Pumpkin Teaching TipWritten by Freda J. Glatt, M.A.
At this time of year, try using a REAL pumpkin when making your pies, bread, etc. Why? 1. Children will see what inside of a pumpkin really looks like. Have them use adjectives to describe what they see, smell, and feel. Depending upon age group, have children draw or write about experience and mail it to a friend or relative. 2. Bake seeds. If possible, compare them to seeds you buy at grocery store. Which tastes better? Why do you think so? Which is cheaper? (NOTE: Remember cost of pumpkin for this answer!) Do these seeds remind you of any other seeds you can eat? Which ones? 3. By all means, let your children help you bake! They will be practicing measurement skills, reading, following directions, and sequencing, not to mention health and safety. Ask what would happen if they put in too much or too little of an ingredient. What would happen if they skipped a step or reversed order? For instance, they put all ingredients in a bowl without mixing them, pour this into pie shell, and bake. What do they think final result will look and taste like? By asking such questions, children practice critical thinking.
The Retail Cardiac Chain of Survival; or, How to Survive a Heart Attack at the MallWritten by Don Ross
What if your customer suddenly clutched his chest and passed out in front of you? Do you know what to do?
The federal Cardiac Arrest Survival Act (CASA) states that "A successful chain of survival requires first person on scene to take rapid and simple initial steps to care for patient and assure that patient promptly enters emergency medical services system. These steps include--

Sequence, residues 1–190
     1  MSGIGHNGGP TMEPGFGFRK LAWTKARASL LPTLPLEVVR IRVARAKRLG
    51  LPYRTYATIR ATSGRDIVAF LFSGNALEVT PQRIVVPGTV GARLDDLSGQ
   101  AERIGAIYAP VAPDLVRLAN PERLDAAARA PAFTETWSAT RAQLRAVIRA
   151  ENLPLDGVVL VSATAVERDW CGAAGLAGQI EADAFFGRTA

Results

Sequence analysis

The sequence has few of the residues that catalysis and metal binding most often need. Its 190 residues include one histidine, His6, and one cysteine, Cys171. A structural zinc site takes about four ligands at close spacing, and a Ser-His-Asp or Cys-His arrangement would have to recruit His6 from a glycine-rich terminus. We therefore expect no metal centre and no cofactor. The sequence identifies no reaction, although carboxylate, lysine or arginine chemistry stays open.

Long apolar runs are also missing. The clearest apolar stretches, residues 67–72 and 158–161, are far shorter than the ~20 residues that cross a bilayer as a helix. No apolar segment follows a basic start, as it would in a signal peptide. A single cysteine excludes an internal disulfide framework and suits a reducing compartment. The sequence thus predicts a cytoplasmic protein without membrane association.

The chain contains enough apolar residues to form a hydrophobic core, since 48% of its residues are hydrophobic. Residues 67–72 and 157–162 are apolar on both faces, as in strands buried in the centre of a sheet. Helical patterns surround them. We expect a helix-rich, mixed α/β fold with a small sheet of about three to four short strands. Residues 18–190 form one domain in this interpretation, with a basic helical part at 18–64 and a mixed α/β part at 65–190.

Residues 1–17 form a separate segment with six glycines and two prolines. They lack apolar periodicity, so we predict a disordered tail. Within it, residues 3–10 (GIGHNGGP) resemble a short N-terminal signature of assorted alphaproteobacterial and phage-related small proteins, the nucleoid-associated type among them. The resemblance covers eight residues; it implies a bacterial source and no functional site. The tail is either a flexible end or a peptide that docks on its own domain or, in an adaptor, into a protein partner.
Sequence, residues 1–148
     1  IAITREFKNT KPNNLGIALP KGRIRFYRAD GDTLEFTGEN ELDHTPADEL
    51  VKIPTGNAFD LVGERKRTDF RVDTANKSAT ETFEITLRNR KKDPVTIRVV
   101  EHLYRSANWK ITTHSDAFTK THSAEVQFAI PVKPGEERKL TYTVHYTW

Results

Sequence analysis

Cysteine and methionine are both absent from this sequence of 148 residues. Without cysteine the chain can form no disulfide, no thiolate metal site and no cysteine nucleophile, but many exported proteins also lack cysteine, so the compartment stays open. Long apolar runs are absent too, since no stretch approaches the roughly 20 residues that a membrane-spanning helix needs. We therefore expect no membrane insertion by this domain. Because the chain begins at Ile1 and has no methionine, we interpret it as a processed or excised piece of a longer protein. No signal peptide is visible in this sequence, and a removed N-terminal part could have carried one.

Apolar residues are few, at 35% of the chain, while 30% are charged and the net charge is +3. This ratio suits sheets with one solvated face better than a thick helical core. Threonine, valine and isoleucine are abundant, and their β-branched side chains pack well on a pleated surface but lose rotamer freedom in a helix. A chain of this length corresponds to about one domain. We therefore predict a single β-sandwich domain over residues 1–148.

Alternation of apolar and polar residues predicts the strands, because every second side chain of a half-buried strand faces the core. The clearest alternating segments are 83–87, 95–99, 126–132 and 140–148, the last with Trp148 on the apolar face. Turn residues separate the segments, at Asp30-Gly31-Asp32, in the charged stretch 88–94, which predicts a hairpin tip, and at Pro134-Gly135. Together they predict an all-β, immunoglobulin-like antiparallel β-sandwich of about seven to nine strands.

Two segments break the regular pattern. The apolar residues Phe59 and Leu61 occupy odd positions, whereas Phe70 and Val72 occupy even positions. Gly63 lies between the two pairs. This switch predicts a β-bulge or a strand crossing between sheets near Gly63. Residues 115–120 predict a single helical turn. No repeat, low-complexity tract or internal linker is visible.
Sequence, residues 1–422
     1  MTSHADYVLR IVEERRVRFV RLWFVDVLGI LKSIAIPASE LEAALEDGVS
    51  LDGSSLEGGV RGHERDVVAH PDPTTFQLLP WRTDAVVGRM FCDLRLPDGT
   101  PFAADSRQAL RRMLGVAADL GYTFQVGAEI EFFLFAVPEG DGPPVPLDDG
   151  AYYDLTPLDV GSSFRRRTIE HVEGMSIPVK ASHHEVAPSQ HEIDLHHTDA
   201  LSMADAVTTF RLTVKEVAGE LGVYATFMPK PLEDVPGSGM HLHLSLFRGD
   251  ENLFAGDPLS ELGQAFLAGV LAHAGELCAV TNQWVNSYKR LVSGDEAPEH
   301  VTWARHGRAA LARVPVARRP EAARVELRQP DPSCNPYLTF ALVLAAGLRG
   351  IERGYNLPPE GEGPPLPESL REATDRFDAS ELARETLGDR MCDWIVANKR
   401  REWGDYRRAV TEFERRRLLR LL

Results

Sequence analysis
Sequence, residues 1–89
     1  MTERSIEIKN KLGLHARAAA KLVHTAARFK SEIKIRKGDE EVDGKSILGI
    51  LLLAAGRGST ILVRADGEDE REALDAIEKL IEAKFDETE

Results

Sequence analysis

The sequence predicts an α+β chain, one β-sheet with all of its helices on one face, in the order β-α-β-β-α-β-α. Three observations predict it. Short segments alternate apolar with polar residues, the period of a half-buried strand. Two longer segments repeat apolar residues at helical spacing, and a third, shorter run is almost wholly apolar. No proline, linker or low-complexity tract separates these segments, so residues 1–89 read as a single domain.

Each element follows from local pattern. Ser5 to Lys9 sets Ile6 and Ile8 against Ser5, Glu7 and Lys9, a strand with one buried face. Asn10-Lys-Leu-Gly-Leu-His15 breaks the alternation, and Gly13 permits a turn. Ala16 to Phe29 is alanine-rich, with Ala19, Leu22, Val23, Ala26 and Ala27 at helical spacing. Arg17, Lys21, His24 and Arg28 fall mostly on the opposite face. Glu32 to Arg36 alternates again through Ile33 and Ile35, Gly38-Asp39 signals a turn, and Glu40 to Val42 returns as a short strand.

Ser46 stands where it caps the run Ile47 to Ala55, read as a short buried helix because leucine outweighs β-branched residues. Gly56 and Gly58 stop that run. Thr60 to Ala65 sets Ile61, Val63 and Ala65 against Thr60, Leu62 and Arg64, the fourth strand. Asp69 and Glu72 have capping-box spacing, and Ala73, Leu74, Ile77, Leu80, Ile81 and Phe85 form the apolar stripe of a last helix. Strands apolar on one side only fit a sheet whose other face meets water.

Recognize an emergency and activate EMS; Begin CPR; and Use an automated external defibrillator (AED) if one is available at scene."
While most bystanders in USA and Mexico are not required to get involved, one would hope that common dictate of humanity, to help our fellow human beings, would prevail over any other concerns. Standard precautions are enough to prevent transmission of most diseases and Good Samaritan Laws protect us from being sued, as long as there is no gross negligence. In fact, both State and Federal laws protect all parties involved, including rescuers, trainers, facilities, etc. According to National Center for Early Defibrillation, "...organizations that carefully adopt and implement early defibrillation programs face a lower legal liability risk than those that do not." So, let's explore this cardiac chain of survival and how a savvy mall rat could use it to land their next job or promotion.
Pay attention to your customers. If one doesn't look well, ask how he feels and if you may be of assistance. Know signals of a heart attack:
Sweating, difficulty breathing Persistent pressure in chest, side or back
If he does not look well, but does not want your help, keep an eye from a distance. Don't forget about him. Just watch. If you are still concerned, call 9-1-1. It is better to be safe than sorry.
Activate EMS, Emergency Medical System
If he goes unconscious, send someone immediately to call 9-1-1. In a mall, you are rarely by yourself, so use others to your advanage. Send someone to call security to bring AED and yet another to fetch a First Aid kit.
Begin ABCs of CPR
Open Airway (head tilt, chin lift). Give two Breaths.